The Pleasure Fund aims to narrow the gender health gap: which has widened as a result of the lower priority status given to medical research for women.

Equally, online creators such as Dr Tara have been instrumental in lessening the taboos around sex. Dr Tara is TikTok’s most followed sexpert, and has been a go-to resource for Gen Zers looking for digestible information on sex and relationships. She covers everything from queefing to pegging, smashing stigmas in the best way possible: with a great sense of humour.

She recently landed a spot on the E4 show Celebs Go Dating, bringing her advice on-screen to stars such as Chloe Burrows and Lottie Moss.


Lottie discusses what it’s like to be known as Kate Moss’s sister 💕 #CelebsGoDating

♬ original sound – Celebs Go Dating

And finally, how can institutions better their sex education?

As we shared, sex education still has a long way to go. Institutions, just like brands and creators, also have the power to ignite meaningful change from the ground up. But, sometimes, this works best by starting small. Schools often struggle for time, funding and resources – so it might not be possible for big changes to happen immediately, but there are smaller changes which can be enacted quickly. 

Ask for sex education websites to be unblocked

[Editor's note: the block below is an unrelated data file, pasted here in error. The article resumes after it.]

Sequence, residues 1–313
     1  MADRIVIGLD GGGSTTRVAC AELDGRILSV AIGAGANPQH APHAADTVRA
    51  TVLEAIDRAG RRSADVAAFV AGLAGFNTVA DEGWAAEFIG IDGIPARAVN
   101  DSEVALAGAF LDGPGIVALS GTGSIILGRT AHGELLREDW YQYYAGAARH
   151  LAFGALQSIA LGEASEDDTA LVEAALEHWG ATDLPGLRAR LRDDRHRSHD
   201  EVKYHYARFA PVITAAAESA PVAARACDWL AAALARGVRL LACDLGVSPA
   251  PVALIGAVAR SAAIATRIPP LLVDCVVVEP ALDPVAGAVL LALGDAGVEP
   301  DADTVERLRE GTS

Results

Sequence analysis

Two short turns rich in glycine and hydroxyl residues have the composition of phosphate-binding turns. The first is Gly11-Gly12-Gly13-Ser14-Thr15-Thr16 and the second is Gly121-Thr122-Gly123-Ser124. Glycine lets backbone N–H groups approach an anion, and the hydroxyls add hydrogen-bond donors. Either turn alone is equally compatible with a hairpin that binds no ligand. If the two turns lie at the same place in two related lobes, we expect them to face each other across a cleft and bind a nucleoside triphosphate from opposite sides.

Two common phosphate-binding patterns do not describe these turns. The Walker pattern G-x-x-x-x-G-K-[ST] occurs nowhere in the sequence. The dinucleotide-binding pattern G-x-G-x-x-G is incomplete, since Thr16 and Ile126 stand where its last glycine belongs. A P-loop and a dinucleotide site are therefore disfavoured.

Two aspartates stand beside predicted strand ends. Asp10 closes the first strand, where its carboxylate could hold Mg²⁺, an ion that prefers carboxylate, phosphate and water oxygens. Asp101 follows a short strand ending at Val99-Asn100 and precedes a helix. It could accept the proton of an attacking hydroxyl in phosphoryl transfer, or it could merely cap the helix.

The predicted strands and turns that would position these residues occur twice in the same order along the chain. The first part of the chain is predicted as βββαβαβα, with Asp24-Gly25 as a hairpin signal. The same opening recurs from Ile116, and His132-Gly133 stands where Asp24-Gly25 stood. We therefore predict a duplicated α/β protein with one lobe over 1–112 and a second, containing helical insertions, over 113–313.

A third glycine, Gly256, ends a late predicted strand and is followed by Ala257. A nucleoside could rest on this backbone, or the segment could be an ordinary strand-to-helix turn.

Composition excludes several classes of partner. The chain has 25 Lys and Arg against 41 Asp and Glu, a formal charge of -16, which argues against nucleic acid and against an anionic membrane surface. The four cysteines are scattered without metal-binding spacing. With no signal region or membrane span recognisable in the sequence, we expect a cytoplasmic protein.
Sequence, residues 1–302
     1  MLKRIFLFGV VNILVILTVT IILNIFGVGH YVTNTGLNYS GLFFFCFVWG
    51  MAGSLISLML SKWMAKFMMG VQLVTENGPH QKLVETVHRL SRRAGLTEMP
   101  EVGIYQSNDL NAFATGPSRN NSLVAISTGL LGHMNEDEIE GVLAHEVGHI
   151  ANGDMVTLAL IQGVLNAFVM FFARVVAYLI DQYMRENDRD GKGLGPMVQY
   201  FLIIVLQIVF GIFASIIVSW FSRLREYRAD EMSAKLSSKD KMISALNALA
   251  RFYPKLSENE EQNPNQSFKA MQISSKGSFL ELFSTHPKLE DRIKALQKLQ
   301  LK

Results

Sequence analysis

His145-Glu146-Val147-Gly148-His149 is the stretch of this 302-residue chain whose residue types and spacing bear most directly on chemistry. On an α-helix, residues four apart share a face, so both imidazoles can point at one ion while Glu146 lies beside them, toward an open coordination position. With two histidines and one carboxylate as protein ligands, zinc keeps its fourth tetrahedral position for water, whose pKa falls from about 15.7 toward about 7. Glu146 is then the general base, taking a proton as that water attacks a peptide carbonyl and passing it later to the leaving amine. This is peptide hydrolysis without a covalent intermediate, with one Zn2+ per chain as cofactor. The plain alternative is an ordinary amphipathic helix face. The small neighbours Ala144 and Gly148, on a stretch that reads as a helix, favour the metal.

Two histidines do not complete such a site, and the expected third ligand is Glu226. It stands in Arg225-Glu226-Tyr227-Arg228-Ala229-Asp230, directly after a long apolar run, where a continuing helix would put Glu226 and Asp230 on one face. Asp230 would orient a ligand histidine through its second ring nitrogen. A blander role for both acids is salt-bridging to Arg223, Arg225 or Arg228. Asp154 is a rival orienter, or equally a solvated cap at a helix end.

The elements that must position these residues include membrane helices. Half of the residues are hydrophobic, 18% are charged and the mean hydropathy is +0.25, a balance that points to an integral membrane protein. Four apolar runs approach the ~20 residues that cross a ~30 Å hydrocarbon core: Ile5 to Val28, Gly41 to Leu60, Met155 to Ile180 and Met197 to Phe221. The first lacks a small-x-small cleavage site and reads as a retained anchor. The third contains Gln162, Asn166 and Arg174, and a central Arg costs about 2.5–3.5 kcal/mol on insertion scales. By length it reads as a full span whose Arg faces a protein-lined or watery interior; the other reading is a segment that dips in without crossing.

These kinds of websites often get caught up in school network porn filters, making useful resources inaccessible. You can also ask for inclusive sex education books like ‘Can We Talk About Consent?’, ‘Here and Queer’ and my book ‘HONEST: Everything They Don’t Tell You About Sex, Relationships and Bodies’ to be added to your school library.

Involve students with lesson planning

No one knows what teenagers want to know better than teenagers themselves. Ask students what issues are important to them. By creating a safe environment and encouraging feedback and discussion, students can help to shape a curriculum which is relevant and useful to them.

Mirroring the school’s demographic to provide support on their specific issues

There need to be a couple of approaches to inclusivity in the classroom. The first is the bigger picture: looking at the world we live in and the people who live in it and making sure we’re being representative of all of these different experiences people have. The second is looking at the demographic of the school and the specific issues that community faces.

If you have been affected by any of the issues mentioned in this article, please find some resources below:

The Survivors Trust

The Proud Trust 


Some names have been changed to protect privacy.